The Rundāle Palace Ensemble

The grounds of Rundāle Palace ensemble amount to 85 hectares including the palace and the stables, French baroque garden, the former hunting park, orchards, the pond and canals, the foundation of the old 16th century Grotthuss’ castle, the 18th century tavern and the former servants’ house, the orangery and greenhouses, car parks…  

Aerial view of the Rundāle Palace ensemble from the nordwest
Aerial view of the Rundāle Palace complex from the south-eastern

The hunting park

The hunting park

Rundāle Palace was used as a summer residence and for its hunting-grounds. The initial scheme of the hunting park has been retained; it resembles a small forest, although in comparison to the 18th century, its area has decreased by approximately half. Today the grounds of the hunting park amount to 32 hectares. Just as in the 18th century, it now contains large trees; with dense shrubbery growing under their branches, it provides shelter for animals and birds. Only five radial alleys continue the layout of the parks’ regular part. In 2013, ash-trees badly affected by diseases were cut down here and a different approach to the planting of trees was taken in order for the area to resemble a park rather than a forest.

In the hunting park were buried the Russian and French soldiers who fell in action in the War of 1812.


The apple-garden

According to the gardener Christopher Weyland’s report, in 1739, 95 pear trees, 155 apple trees, 40 plum trees and 20 cherry trees were planted in the orchards. Circa 1777, during the reign of Duke Peter of Courland, two orchards and a hop garden were added. A report from 1794 refers to apricot and peach gardens where the trees were covered with blankets of straw and moss. An extensive orchard was grown at the end of the 18th century, i. e., in Count Valerian Zubov’s time, part of which still comes into view when approaching the Palace.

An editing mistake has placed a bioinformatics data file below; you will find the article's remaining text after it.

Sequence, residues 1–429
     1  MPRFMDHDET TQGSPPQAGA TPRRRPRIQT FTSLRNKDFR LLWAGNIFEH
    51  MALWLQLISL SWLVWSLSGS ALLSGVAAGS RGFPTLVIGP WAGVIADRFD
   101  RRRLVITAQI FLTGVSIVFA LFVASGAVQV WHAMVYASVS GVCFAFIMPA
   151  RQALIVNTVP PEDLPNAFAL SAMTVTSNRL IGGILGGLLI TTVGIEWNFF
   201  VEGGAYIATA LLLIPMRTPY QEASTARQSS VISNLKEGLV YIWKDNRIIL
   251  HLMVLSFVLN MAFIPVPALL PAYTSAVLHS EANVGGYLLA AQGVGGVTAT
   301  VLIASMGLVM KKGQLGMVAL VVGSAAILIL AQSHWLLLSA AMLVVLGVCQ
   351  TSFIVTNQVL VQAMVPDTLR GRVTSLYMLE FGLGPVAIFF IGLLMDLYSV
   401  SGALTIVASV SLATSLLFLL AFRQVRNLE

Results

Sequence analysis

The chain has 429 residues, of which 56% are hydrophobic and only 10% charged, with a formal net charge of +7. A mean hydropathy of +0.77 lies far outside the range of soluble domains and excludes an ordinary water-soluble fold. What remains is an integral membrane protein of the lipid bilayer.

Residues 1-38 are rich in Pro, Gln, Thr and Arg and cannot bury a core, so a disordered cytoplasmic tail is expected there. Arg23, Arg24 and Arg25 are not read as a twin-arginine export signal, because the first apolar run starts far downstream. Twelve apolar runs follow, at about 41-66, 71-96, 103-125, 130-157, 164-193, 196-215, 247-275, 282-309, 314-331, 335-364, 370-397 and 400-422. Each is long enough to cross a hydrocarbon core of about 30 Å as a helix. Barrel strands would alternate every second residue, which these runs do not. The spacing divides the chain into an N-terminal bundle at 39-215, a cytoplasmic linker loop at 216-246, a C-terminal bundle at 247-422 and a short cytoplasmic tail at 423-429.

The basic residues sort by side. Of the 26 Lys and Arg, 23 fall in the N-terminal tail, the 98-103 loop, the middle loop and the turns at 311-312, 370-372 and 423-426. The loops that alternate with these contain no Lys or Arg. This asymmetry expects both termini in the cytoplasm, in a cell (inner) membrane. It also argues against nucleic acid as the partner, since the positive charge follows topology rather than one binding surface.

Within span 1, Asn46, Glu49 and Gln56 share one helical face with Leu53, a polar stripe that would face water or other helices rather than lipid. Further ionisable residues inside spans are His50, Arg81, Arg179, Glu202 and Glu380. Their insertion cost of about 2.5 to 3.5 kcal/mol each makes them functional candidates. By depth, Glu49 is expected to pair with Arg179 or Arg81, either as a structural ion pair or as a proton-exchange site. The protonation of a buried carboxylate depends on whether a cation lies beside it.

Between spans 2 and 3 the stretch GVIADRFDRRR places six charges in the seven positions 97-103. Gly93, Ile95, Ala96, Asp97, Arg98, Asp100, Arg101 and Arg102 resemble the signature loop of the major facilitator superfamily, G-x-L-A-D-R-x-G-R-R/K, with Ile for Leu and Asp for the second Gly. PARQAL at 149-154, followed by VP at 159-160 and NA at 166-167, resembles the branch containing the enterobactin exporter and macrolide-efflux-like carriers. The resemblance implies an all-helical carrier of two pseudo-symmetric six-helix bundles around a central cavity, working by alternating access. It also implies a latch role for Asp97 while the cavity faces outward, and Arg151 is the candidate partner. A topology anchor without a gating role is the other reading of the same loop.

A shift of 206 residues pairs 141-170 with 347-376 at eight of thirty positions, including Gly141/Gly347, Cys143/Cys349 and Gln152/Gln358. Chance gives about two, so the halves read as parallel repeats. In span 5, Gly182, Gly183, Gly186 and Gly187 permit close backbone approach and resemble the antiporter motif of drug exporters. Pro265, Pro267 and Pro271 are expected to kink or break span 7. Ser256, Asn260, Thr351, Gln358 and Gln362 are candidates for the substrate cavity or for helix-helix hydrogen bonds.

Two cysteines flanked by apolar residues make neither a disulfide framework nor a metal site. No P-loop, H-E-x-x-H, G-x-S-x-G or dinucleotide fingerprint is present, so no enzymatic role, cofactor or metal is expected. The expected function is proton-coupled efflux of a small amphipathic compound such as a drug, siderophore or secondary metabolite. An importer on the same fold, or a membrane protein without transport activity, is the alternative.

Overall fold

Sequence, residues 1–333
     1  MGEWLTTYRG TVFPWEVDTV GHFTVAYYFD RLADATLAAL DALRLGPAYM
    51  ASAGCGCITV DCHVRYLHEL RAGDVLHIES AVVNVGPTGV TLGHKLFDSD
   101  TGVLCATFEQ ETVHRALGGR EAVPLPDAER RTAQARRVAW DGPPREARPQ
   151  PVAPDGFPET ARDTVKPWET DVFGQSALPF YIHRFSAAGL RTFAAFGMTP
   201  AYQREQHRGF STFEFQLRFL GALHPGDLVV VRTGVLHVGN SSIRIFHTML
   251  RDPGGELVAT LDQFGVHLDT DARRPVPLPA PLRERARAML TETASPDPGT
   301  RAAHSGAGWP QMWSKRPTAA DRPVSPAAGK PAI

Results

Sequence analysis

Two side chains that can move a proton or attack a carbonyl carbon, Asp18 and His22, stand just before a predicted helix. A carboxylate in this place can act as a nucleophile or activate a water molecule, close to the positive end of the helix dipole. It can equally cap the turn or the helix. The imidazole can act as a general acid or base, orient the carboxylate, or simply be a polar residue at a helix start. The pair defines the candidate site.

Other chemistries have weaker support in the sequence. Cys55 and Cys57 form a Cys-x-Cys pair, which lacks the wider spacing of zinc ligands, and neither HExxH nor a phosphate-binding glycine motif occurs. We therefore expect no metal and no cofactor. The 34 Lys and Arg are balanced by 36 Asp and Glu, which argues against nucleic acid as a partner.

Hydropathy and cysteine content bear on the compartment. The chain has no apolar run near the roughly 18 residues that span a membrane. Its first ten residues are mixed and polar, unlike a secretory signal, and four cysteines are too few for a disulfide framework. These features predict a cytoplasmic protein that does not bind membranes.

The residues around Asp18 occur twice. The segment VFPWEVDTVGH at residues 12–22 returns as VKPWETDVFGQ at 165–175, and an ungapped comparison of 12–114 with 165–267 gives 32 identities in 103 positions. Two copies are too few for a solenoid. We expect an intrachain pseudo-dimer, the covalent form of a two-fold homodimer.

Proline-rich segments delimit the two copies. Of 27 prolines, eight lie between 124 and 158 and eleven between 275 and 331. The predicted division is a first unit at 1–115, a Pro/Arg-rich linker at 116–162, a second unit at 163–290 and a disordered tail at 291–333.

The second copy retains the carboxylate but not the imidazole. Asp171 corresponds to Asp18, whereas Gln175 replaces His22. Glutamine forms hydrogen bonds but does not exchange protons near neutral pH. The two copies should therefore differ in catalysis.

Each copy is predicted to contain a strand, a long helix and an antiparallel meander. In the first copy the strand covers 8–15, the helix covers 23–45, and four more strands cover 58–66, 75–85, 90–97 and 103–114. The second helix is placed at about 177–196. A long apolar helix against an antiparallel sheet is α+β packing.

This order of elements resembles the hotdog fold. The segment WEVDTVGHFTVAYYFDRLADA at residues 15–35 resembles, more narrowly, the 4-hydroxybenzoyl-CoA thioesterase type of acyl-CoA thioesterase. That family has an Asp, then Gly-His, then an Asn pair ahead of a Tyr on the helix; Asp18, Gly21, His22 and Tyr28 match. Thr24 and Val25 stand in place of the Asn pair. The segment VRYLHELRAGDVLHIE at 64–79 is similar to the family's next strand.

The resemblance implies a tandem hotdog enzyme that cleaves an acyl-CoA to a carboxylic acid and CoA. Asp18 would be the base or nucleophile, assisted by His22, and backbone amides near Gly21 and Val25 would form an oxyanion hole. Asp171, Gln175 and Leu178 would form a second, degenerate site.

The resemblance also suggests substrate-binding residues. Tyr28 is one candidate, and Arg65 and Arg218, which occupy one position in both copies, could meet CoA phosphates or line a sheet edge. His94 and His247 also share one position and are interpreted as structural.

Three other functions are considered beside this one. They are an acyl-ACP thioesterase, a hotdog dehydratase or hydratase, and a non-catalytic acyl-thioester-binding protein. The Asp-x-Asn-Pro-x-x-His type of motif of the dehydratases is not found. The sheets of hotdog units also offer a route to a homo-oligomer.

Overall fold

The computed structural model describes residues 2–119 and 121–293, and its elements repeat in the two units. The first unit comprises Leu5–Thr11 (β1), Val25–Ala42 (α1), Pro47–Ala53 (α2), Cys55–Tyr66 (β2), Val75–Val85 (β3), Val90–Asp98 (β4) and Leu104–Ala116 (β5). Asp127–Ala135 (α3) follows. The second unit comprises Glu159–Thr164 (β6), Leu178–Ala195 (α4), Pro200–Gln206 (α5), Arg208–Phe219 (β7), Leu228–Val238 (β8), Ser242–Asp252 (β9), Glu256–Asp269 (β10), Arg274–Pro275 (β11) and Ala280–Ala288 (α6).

The pond and canals

The Palace pond with an island

The Palace, the stables and the Baroque garden are encircled by a two-kilometre-long canal. A pond, with an artificial small island in the middle of it, gives a romantic atmosphere to the manor’s household complex; even wild rabbits used to live on this island in the 19th century. Now a small “rabbit’s castle” is built on the side of the pond for entertainment of tourists who go on boat rides offered here. 

The orangery and greenhouses

The Duke’s greenhouse was originally situated beside the adobe wall northeast of the palace. It is planned to reconstruct it in order to nurture plants required for the garden as well as to provide winter storage for exotic, non-hardy plants. The original hot air shaft of the greenhouse heating system has been rediscovered. Another greenhouse, built in the nineteenth century, was situated northwest of the garden.

The orangery

Next to the old tavern stands a small orangery which shows plants and flowers mentioned in the inventory of 1852. They were once grown by Countess Thekla Shuvalova.

In the 1760s, to the west of the Palace, the architect Severin Jensen built an orangery, which later on was converted into a gardener’s house. Today it houses the Park Department of the Rundāle Palace Museum. 

The Gardener’s House



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